Other fields included potential for the expansion of co-operation water quality monitoring including joint projects; exchange of expertise in mathematical modelling systems; and the possibility of the introduction of an academic and private sector exchange programme between China, Myanmar and the MRC Member States. 

Monitoring delivers data to decision makers

Local fishers play a vital part in the monitoring of species in the Mekong
at all the montioring sites throughout the basin

AS development in the basin increases, it is vital for government decision makers to have sufficient data at hand to make sound decisions on trade-offs, costs and benefits of any interventions.

In order to help achieve this, the Fisheries Ecology, Valuation and Mitigation (FEVM) component of the MRC Fisheries Programme is engaging in some exciting research on several areas of the fishery which will allow local people to have an increased capacity to manage and plan this vital resource.

The FEVM component has been monitoring the status and trends of fisheries resources, improving knowledge of the socio-economic value of fisheries resources and their ecology as well as developing predictive models for basin planning purposes.

Research work has been carried out in conjunction with local fishers who joined forces with the programme to monitor abundance and diversity of fish in their regions. The programme has already published a comprehensive consumption study in 2007 and this will be further enhanced in the future.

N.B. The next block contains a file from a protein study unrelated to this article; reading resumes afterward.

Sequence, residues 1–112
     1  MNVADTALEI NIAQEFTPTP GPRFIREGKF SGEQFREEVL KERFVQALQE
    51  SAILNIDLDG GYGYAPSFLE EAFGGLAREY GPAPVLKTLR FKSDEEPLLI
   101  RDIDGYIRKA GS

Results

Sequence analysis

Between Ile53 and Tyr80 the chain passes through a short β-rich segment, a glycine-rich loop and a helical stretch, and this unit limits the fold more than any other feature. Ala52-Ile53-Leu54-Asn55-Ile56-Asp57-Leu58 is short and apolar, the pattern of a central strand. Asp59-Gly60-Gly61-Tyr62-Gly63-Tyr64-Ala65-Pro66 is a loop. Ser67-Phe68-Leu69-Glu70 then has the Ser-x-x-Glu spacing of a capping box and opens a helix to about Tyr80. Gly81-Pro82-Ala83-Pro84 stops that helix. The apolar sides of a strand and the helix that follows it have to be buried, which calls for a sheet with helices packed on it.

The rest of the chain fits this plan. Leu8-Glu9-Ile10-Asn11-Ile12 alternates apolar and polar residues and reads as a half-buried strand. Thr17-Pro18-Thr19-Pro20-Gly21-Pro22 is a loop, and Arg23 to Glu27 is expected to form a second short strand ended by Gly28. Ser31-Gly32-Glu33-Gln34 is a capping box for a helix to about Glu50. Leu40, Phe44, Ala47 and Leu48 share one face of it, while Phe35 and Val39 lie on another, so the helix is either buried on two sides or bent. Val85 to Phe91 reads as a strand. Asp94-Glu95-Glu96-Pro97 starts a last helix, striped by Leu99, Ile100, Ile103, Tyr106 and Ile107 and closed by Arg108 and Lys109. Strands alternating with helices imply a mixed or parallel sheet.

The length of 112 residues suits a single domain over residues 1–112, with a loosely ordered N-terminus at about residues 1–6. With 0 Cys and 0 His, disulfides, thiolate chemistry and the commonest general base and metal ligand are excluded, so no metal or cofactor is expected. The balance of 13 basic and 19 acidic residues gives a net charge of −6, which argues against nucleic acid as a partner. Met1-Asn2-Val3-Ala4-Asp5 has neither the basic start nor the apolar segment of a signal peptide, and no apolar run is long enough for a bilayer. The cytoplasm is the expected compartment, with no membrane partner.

Local fishers began monitoring the abundance and diversity of fish in June 2007 at 23 sites in four habitats (mainstream, tributary, flood plain and estuary). At each site fishers recorded their daily catch by species, how often they fished and the gear used. Special forms and identification charts were designed and produced in local languages to make the task easier for the survey team. As their information is received it is fed into a new daily catch monitoring database.

The component is also monitoring several types of important fish trapping and netting systems in the Lower Mekong Basin, such as the Li trap fishery in Lao PDR (which traps fish as they migrate upstream) and the dai fishery in Cambodia which hauls in tonnes of fish as they leave the Great Lake in the receding flood. Both these studies are generating data on amounts and types of fish caught and the times of year they are caught. Work is also being conducted to improve understanding of how fish stocks respond to water availability and flooding patterns.

Teams are also monitoring larvae abundance over a fixed sampling period. As larvae often drift for kilometers this will shed light on numbers and importance of species in certain areas at certain times as well as helping to identify and map critical fish habitats.

All these data are being consolidated and shared between Member States and with the assistance of fisheries models it will allow scientists to predict the response of fish resources and critical habitat to changes in hydrology and basin development.

This knowledge can, in turn, allow for mitigation measures to be evaluated and assist regional and national planners in their decision making on development in the basin.

For more information contact Dr Ashley Halls,


Near real time maps help flood forecasting

An example flood map derived from a RADARSAT-1 ScanSAR image, acquired
October 17, 2007 from the MRC website.

The Mekong River Commission has expanded its use of the RADARSAT-1 satellite to accurately map the extent of the annual floods, and supplement and complement data from river gauges and flood models. RADARSAT-1 is particularly useful for flood mapping because of its ability to see through clouds and depict sensitivity to flooding.